College Graduation Speech

May 1, 2018

If you are like me, you probably will not pay much attention to the graduation speaker. When I was sitting where you are when I graduated college, I was fooling around with my friends, thinking about the partying afterwards and feeling proud of myself for having accomplished the college thing and receiving a degree that could never be taken away from me. I will always be a college graduate – and so will you.

You finished college, but it is just a beginning, albeit an auspicious beginning, of the rest of your life. Entering college was an important move, but not irreversible and not that consequential if you decided you didn’t like the school, or your major, or even going to college. You could get a do-over; and until you have that sheepskin, many do-overs. But, when you step out of here, your do-overs become limited. They are limited not only by you, but by the circumstances of where you were working and what you were working on, and who you were working with. The more you work doing something that turns out not to be your thing, the harder it will be for a do-over.

The reality is you get profiled – not racially, but professionally. Whatever you start doing labels you in that silo. Certain jobs or industries are easily portable, but not as many as you might believe. I can give you a lot of for instances, but don’t want to bore you anymore than you already are, so will skip the litany of examples. What I will tell you is that you need to choose your first job carefully, and while you should think of yourself as starting a career in that organization what you are really doing is starting your career as a free agent. You will actually be continuously looking for better opportunities.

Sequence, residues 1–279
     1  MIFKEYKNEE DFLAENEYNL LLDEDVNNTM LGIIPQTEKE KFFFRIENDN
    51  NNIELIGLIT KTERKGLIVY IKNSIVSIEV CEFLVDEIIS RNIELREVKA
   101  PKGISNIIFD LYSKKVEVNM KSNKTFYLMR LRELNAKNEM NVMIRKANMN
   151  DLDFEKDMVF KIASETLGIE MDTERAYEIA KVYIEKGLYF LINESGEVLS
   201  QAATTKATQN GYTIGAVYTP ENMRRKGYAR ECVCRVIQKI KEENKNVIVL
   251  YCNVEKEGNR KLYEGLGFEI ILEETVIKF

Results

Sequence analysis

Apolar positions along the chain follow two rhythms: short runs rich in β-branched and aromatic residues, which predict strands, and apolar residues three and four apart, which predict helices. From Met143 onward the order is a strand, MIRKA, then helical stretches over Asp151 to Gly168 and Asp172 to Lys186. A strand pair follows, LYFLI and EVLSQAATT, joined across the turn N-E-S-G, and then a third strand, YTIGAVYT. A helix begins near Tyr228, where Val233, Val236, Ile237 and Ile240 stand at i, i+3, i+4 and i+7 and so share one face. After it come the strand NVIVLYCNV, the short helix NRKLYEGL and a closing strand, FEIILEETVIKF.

If you work for the right organization they will make sure you understand the opportunities with them and you will grow professionally with the right type of experience while continually learning new things and will be compensated based on the level you attain and will grow into and not where you’ve been and accomplished on their time. So, I just told you three things you should always be concerned about:

  1. Growing professionally with right experience
  2. Always learning new things
  3. Being compensated appropriately

All three should always be present, but two out of three keeps people longer than is good for the staff person and the employer. Actively manage your career. Your currency is your experience and what you know. No matter the cost to your employer and what they think, you will always own your experiences, with interesting and varied experiences greater in value than dull, boring trite experiences, and you will always own what you learn. Learning from dead ended bosses in dead ended jobs provides much less currency than the opposite of that. The salary you are paid is relatively meaningless to your employer, but very important to you. It is also a measurement tool of your value to the organization and places you in a tranche with others you work with. Make sure you are properly paid.

You are the CEO of your free agency. Manage it well and maybe someday you’ll be giving a well thought out and carefully measured graduation speech that no one will really care about.

Congratulations on your well-earned completion of your college career, and good luck on the commencement of your free agency.

Ed Mendlowitz

Family Offices

April 26, 2018

Family offices are a form of outsourced integrated personal financial management, guidance and oversight services.